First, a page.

What does it take to get city renovations up and running? The answer is public support and money. The problem is that not everyone is able or willing to pay the costs of renovating a deteriorating infrastructure from the ground up.
Kansas City has an outdated sewage system dating back to the civil war, where roads and bridges are in need of repair, and where the “blue river” is brown.
Local leaders responded to these issues and more Tuesday night during a panel discussion at the Truman Forum Auditorium in the Kansas City Public Library. Their message to the public was clear: every project comes at a cost. Recently, an 800-million-dollar bond aimed at fixing many infrastructure concerns was approved by local voters.
Repair and maintenance, however, aren’t the only issues on the minds of Kansas City’s leaders. Future project considerations include a new international airport and an extension of the recent streetcar line.
The issue of a potential streetcar expansion hits close to home for UMKC. Completed last year, the streetcar currently runs down Main Street from the City Market to Union Station. The new expansion would bring the streetcar down to UMKC’s Volker campus, with an anticipated price tag of $277 million.
The new proposal could become a major asset to UMKC. Proponents of a streetcar expansion say it could serve as a bloodstream to Kansas City, connecting students to the heart of the metro. It could take students to commercial centers like Country Club Plaza and Crown Center (located next to Union Station) cost-free.
Proponents of the expansion also believe it will reduce some traffic congestion as well as solve transportation issues for on-campus students looking to find work in the city. Additionally, students wanting to travel around the state via Amtrak could have easy access to Union Station.
The idea of an expansion, however, worries some local residents. One local leader who spoke at the panel, Patrick Touhey of the Show-Me Institute, says the streetcar might not have the impact people expect: facilitating transportation.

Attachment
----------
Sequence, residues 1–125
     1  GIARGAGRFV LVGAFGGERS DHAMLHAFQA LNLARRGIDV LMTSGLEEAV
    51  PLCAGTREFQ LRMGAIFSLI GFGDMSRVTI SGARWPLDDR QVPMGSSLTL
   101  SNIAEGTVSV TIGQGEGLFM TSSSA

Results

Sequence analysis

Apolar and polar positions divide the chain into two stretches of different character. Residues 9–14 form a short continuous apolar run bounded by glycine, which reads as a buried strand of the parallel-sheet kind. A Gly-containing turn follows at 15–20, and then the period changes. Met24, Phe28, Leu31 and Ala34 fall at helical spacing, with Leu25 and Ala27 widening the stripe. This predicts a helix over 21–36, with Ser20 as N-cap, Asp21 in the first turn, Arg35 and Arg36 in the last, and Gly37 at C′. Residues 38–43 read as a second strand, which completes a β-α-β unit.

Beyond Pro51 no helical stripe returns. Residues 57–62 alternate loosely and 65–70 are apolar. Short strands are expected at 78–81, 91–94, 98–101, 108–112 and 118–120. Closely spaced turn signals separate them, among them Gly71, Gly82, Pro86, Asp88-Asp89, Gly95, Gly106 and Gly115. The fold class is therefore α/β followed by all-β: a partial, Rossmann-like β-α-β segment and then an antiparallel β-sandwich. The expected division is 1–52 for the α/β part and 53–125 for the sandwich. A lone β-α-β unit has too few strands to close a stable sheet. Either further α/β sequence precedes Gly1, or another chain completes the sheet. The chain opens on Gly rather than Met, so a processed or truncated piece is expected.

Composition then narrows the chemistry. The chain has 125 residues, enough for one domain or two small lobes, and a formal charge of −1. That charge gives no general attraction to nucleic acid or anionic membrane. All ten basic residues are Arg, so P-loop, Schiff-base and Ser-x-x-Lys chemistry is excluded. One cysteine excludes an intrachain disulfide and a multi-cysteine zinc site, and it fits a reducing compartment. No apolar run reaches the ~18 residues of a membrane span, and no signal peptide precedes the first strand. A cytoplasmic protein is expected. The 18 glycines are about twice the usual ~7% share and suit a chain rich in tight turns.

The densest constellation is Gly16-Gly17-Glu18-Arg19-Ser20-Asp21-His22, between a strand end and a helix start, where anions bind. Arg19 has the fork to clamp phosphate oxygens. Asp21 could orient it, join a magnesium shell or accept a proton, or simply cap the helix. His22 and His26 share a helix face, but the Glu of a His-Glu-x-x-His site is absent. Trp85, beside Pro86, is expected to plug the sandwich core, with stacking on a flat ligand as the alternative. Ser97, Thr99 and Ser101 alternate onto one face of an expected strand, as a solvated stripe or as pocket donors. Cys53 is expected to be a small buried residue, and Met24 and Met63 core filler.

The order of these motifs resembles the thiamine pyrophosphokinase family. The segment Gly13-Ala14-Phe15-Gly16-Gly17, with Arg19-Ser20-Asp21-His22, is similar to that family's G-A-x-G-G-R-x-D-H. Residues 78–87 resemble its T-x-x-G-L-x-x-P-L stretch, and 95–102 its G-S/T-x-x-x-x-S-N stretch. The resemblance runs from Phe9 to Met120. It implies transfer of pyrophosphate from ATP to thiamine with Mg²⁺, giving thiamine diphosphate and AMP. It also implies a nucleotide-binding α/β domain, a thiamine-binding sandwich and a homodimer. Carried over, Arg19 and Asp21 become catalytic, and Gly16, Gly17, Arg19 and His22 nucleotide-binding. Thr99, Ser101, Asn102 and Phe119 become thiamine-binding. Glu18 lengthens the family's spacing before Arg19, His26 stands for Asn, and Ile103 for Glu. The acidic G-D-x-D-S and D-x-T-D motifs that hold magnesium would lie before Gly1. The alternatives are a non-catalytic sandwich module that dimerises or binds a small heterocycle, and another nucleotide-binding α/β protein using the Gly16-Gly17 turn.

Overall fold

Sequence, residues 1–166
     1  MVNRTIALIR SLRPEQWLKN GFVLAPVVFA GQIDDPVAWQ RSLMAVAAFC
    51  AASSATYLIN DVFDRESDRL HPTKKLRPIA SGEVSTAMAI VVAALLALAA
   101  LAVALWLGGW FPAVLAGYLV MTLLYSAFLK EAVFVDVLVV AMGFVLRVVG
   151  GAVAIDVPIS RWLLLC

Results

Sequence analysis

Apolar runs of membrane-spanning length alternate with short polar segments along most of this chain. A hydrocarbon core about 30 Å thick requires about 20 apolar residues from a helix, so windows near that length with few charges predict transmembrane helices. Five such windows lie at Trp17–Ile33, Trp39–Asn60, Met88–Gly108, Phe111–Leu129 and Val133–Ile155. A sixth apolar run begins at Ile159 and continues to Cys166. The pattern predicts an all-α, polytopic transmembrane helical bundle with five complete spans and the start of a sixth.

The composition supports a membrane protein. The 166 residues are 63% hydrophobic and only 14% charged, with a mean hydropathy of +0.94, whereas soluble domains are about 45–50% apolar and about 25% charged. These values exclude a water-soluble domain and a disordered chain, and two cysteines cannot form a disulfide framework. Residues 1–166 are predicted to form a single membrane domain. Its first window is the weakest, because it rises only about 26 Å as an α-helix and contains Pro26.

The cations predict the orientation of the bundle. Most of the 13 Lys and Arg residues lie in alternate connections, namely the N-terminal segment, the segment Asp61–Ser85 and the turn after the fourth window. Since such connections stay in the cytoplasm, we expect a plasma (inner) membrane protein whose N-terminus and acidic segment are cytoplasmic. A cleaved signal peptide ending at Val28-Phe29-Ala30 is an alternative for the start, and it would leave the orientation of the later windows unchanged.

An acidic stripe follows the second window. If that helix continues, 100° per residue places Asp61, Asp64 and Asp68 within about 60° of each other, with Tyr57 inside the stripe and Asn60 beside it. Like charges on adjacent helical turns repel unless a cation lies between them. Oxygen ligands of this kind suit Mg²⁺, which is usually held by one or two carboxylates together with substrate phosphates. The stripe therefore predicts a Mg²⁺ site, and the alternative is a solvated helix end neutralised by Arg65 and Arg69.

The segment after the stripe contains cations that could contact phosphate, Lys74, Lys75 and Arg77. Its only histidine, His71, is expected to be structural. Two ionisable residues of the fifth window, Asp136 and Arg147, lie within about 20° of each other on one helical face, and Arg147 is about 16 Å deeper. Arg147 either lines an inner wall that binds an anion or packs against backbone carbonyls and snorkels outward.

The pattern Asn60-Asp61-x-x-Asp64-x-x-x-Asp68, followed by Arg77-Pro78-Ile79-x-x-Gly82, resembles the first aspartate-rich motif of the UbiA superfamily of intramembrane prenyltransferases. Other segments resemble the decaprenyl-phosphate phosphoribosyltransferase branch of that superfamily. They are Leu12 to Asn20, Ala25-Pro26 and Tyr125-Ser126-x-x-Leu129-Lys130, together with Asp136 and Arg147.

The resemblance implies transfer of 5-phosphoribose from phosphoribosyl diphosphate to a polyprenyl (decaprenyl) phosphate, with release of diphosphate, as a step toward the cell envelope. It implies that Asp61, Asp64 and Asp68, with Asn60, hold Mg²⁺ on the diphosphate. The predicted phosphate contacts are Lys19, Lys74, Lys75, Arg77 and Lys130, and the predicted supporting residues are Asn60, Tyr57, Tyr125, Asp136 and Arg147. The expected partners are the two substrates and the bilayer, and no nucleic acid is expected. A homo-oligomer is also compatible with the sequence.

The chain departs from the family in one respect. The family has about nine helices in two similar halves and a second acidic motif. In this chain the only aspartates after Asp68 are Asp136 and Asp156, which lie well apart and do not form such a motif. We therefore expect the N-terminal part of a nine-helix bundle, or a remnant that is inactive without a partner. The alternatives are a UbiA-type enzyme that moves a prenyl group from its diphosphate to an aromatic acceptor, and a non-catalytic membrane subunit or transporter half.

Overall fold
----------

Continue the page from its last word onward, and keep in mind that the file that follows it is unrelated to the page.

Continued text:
He may be right. Recent complaints report a lack of parking at the City Market because of the streetcar, and some people fear that the same might happen at new destinations if the extension is granted. Others argue the streetcar promotes transportation for commercial purposes only, instead of for people that depend on public transportation to work (around ten percent of Kansas Citians).
A worried couple at the discussion dissented the streetcar extension because such construction would burden them with a new tax to finance it. They mentioned their fear that the parking inflation at the City Market would also appear in their neighborhood, provoking more traffic than usual.
These constraints make some wonder if there could a better way to spend 227 million dollars on already existing public transportation services.
The need for updating Kansas City’s infrastructure has brought the idea of a streetcar expansion to the forefront of local conversations, with UMKC playing an important role in the debate going forward.
What do you think about a streetcar expansion to UMKC? Tweet us your opinion at @University0News or sound off in the comments online at www.info.unews.com.